Herpesviridae

(redirected from Alphaherpesvirus)
Also found in: Encyclopedia.

Her·pes·vir·i·dae

(her'pēs-vir'i-dē),
A heterogeneous family of morphologically similar viruses, all of which contain double-stranded DNA and infect humans and a wide variety of other vertebrates. Infections produce type A inclusion bodies; in many instances, infection may remain latent for many years, even in the presence of specific circulating antibodies. Virions are enveloped, ether sensitive, and vary up to 200 nm in diameter; the nucleocapsids are 100 nm in diameter and of icosahedral symmetry, with 162 capsomeres. The family is subdivided into three subfamilies Alphaherpesvirinae, Betaherpesvirinae, and Gammaherpesvirinae, and includes herpes simplex virus, varicella-zoster virus, cytomegalovirus, and Epstein-Barr virus (all of which infect humans), pseudorabies virus of swine, equine rhinopneumonitis virus, infectious bovine rhinotracheitis virus, canine herpesvirus, B virus of Old World monkeys, several viruses of New World monkeys, virus III of rabbits, infectious laryngotracheitis virus of fowl, Marek disease virus of chickens, Lucké tumor virus of frogs, and many others.

Her·pes·vir·i·dae

(hĕrpēz-viri-dē)
A heterogeneous family of morphologically similar viruses, all of which contain double-stranded DNA and infect humans and a wide variety of other vertebrates. Infections produce type A inclusion bodies; in many instances, infection may remain latent for many years, even in the presence of specific circulating antibodies.
References in periodicals archive ?
Although known by several names over the years since its initial isolation in 1932 (Herpesvirus simiae, monkey B virus, Herpes B, and Cercopithecine herpesvirus 1), BV is currently designated as Macacine alphaherpesvirus 1 by the International Committee on Taxonomy of Viruses.
(2016) verified that the expression of FOS and DUSP-1 was activated by immediate stress response in cells infected with Suid alphaherpesvirus 1 (more commonly known as pseudorabies virus or Aujeszky's disease virus).
The following viruses were not detected in CNS samples by PCR: porcine reproductive and respiratory syndrome virus types 1 and 2, porcine circovirus 2, suid alphaherpesvirus 1, teschovirus A, sapelovirus A, or atypical porcine pestivirus.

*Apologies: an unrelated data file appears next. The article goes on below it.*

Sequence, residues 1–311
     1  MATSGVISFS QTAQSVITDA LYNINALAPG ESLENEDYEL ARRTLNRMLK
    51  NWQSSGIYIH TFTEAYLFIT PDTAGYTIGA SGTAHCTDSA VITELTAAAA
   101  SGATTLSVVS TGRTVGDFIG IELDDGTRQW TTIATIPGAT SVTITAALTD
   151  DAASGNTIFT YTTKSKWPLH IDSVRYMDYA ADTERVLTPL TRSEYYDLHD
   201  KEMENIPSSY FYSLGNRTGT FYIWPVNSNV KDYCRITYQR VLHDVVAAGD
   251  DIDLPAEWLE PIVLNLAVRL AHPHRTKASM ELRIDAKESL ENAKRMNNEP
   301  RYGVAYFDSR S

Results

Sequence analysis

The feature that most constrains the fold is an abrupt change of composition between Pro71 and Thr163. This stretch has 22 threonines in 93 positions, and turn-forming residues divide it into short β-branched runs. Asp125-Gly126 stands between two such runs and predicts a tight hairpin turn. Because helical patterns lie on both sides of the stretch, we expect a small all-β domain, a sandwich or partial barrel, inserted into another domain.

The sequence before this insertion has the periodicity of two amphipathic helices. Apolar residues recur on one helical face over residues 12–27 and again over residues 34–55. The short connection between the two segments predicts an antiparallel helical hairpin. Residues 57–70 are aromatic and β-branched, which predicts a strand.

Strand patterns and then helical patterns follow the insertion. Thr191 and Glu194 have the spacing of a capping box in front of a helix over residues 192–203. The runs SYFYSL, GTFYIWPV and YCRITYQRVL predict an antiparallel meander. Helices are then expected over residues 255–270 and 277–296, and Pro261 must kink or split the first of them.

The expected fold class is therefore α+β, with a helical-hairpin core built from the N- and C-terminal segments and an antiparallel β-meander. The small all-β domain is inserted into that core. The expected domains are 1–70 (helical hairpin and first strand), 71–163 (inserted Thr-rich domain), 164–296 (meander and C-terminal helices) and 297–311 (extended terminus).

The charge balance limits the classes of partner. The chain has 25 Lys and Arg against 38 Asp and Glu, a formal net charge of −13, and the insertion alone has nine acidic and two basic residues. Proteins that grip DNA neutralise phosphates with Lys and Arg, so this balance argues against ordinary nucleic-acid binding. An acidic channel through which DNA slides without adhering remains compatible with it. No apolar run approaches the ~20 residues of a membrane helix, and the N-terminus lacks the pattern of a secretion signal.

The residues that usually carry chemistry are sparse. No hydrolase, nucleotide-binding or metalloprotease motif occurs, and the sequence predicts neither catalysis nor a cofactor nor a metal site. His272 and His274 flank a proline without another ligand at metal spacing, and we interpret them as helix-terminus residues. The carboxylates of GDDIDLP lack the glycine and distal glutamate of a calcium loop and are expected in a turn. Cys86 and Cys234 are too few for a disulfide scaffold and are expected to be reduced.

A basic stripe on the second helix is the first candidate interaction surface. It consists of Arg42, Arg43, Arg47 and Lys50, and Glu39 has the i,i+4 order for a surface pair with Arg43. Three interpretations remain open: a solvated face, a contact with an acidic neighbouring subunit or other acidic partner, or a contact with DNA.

Bloom, "Alphaherpesvirus latency: a dynamic state of transcription and reactivation," Advances in Virus Research, vol.
These proteins are also important determinants of alphaherpesvirus tropism and pathogenesis, since they are responsible for the initial interactions with host cells by binding to cell surface receptors, attachment, fusion and entry into mammalian cells (18).
Although results of histopathologic investigations suggested that malnutrition, because of fewer resources in the frigates' fishing area, could be the cause of the epidemic, a novel alphaherpesvirus, tentatively called Fregata magnificens herpesvirus, was detected in cutaneous crusts on the diseased birds.
Muchos Alphaherpesvirus producen lesiones localizadas, principalmente de la mucosa de los tractos respiratorio y genital o de la piel, caracterizada por la produccion secundaria de vesiculas, pustulas y ulceras superficiales que se recubren de una pseudomembrana y curan de 10 a 14 dias, normalmente sin que se formen costras.
Thus, this study investigated the occurrence of FcaGHV1 infection among domestic cats and correlated it with feline retroviruses (feline immunodeficiency virus (FIV) and feline leukemia virus (FeLV)) and with other viral pathogens such as Carnivore protoparvovirus 1 (CPPV-1), previously known as feline panleukopenia virus (FPV), and Feline alphaherpesvirus 1 (FeHV-1).
Alignments of human and NHP alphaherpesvirus representa fives show that the region amplified with the consensus herpesvirus primers is a highly conserved region of UL30 (Figure 2).
Similar results have been reported for an Acanthospermum hispidum extract which is effective during the attachment phase of pseudorabies virus, an alphaherpesvirus, but not during the replication period (Summerfield et al., 1997).